Anyone who thinks gardening begins in the spring and ends in the fall is missing the best part of the whole year; for gardening begins in January with a dream. ~ Josephine Nuese
Oh, the dreaming I have done this month! I have spent many hours snuggled up in front of the fireplace looking at pictures of my yard, reading through books, leafing through seed catalogs, and surfing the internet. There have been lunch meetings with my husband to present my ideas. And then there have been detailed follow-up emails to him to make sure that I have everything included in my orders. Here’s a sneak peak and some of my plans:
Last year I read Vegetables Love Flowers by Lisa Mason Ziegler and it really did change my approach to gardening for this year. I also recently read Mini Meadows by Mike Lizotte and it has completely motivated me to add flowers in various spaces around our yard. This is a great little book that packs in a lot of helpful information in short snippets. He also features lots of quick lists, with pictures – such as “eight plants for partial shade” and “tough plants for the hellstrip.” He has good advice for putting flowers just about anywhere, and how to prepare the space to do well. There’s a whole section on perennial wildflowers – which I like. And he addresses the necessary host plants for pollinators that we should all be considering. Make it all the way to the end, and you find specific lists for your region of the country. All that – and the photography is gorgeous!
So with my research as well as realistic expectations in hand, I turned to Southern Exposure Seed Exchange for my purchase. My immediate plans include a March planting of French Marigold, Sweet Pea, Black-eyed Susan, Bee Balm, Poppy, and Bachelor’s Button. I will follow that up with a May/June planting of Zinnia, Cosmos, Evening Sun Sunflower, Color Fashion Mix Sunflower, and Butterfly Weed.
Hosta is a plant that I associate with my time in Chicago. We owned an older home there, with an established landscape plan. I loved the lush, green fullness of the hosta in our flower beds. I think we may have had some in Seattle as well. Our current home is in definite need of some filler plants, and we think hosta would be the perfect addition. I’ve turned to Park Seed for this purchase. I ordered Royal Wedding Hosta (4) and Tricyrtis ‘Gilt Edge’ Toad Lily (4) – both in 1-quart size containers. I also ordered some American Crosses Mix in Hosta seeds. I thought I might see how difficult or easy it is to grow these things myself.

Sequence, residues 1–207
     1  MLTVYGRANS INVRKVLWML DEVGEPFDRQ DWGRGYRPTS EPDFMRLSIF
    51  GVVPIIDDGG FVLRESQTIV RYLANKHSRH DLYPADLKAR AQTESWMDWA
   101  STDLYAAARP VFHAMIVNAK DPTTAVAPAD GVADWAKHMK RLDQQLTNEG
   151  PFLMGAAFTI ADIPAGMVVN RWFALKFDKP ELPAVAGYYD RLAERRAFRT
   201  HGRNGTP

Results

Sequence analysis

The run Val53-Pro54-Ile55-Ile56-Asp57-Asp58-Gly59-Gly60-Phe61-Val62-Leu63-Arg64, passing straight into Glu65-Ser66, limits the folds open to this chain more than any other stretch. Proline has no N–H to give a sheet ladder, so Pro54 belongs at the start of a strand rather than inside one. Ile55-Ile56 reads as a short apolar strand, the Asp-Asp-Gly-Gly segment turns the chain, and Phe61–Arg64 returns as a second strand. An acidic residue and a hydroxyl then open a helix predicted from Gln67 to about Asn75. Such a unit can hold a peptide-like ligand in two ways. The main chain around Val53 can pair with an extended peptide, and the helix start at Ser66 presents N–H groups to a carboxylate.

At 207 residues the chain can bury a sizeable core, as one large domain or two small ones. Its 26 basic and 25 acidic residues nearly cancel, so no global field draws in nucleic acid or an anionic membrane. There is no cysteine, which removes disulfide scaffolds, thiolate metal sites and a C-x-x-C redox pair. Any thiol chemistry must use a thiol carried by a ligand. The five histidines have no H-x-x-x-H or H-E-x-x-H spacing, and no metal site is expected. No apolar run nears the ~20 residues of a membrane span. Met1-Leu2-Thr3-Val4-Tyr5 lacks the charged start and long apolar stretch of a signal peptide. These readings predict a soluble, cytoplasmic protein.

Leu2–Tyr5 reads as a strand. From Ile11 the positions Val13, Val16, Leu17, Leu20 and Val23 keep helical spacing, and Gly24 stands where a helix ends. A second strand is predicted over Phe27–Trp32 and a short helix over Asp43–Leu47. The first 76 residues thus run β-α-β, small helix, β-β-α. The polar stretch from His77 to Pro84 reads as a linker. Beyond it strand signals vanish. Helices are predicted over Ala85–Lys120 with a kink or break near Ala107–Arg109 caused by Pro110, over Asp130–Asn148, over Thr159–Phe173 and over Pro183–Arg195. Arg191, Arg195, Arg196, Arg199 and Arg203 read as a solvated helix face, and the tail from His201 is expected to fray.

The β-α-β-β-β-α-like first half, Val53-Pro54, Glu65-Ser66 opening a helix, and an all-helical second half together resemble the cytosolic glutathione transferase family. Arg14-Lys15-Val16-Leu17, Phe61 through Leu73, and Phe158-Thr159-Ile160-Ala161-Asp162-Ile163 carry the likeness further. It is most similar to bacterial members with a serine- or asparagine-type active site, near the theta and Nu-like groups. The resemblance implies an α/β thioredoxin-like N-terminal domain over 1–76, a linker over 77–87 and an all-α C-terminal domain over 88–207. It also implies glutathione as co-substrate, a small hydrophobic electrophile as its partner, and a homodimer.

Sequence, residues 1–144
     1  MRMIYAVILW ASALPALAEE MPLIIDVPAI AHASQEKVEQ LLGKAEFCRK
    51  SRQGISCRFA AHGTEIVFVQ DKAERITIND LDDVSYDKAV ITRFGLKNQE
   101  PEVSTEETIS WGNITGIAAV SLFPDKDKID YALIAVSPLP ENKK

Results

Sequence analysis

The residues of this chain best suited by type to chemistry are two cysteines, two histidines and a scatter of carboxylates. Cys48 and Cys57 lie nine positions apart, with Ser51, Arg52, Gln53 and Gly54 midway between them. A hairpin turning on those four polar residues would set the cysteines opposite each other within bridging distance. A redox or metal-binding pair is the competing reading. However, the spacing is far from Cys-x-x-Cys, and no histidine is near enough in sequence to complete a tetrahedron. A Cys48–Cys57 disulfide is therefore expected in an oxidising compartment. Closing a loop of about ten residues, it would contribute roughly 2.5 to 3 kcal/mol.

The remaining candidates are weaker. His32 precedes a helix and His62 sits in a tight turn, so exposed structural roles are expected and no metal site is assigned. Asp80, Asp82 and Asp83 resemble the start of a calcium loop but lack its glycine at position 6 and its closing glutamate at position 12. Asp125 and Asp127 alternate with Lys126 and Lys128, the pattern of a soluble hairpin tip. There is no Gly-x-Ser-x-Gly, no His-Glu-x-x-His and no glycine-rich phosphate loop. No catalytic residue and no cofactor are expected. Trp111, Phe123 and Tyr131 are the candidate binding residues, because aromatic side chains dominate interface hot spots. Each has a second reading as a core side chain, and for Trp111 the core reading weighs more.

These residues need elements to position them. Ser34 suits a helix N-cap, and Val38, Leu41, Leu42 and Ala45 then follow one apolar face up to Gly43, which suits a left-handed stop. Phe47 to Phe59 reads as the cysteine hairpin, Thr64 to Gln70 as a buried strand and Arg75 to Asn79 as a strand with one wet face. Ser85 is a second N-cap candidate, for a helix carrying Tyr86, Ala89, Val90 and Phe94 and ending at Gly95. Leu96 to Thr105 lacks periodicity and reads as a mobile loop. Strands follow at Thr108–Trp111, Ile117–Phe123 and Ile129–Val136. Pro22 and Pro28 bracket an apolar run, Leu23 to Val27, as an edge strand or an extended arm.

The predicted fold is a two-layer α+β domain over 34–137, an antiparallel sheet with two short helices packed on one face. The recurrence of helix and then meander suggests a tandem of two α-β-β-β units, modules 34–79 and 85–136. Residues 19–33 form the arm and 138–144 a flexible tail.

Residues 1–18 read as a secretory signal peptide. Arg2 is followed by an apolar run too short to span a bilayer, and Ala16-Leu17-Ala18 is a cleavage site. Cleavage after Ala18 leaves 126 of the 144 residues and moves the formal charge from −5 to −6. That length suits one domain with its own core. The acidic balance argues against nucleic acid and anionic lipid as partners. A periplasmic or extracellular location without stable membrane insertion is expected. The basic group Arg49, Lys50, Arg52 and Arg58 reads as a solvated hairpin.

I fell in love with this plant last year. The foliage comes in such dramatic colors. I’m determined to have lots of it going forward. Unfortunately, it is an annual. I would much rather plant it and know that I can enjoy it for years to come! But alas, this year I’m attempting to grow it from seed. I’ll be trying (a) Chocolate Covered Cherry and (b) Kong Empire Mix (which includes Mosaic, Salmon Pink, Red, Rose, and Scarlet) to intersperse between the hosta, and maybe in a few containers. I’ve chosen the Wizard Mix (which are much smaller plants in a gorgeous array of colors – Rose, Jade, Golden, Mosaic, Coral Sunrise, Sunset, Velvet Red, and Scarlet). I will try these behind my guest house. It’s on the north side of the house, so lots of shade and moisture.
Last Labor Day, I visited with my parents in South Carolina. I was telling them that my daughter has never tasted a honeysuckle flower. As a child growing up in the South, I remember sucking the nectar from honeysuckle flowers as a common occurrence! It seems like honeysuckle should also grow proficiently in Oklahoma. I just haven’t had the opportunity to see it.
The conversation with my parents somehow led to other plants that they remember from childhood but seldom see now. One such plant is the Maypop – of which I am not familiar.
In my internet searches, I found another great resource in the Kerr Center. They have a guide “Native Plants for Native Pollinators in Oklahoma,” and right there on page 35 it lists the Maypop. Another quick search and I found a 1-quart plant available for purchase at Park Seed. I promptly placed it in my cart.
Maypop is a passionflower. It’s a hardy vine that offers foliage, blooms and edible fruit. It works in a container or directly in the ground. It typically reaches 8-to-12 feet long. It will die back completely to the ground in winter and not reappear until late spring. I am anxious to find the perfect place for this addition!
As January comes to a close, I hope my enthusiasm for spring is showing through my writing. I am excited about all of these plans! I thought about sharing some pictures of the areas where the flowers and plants will go, but I think I will save those for a before/after blog sometime in the months to come. For now, it’s on to February …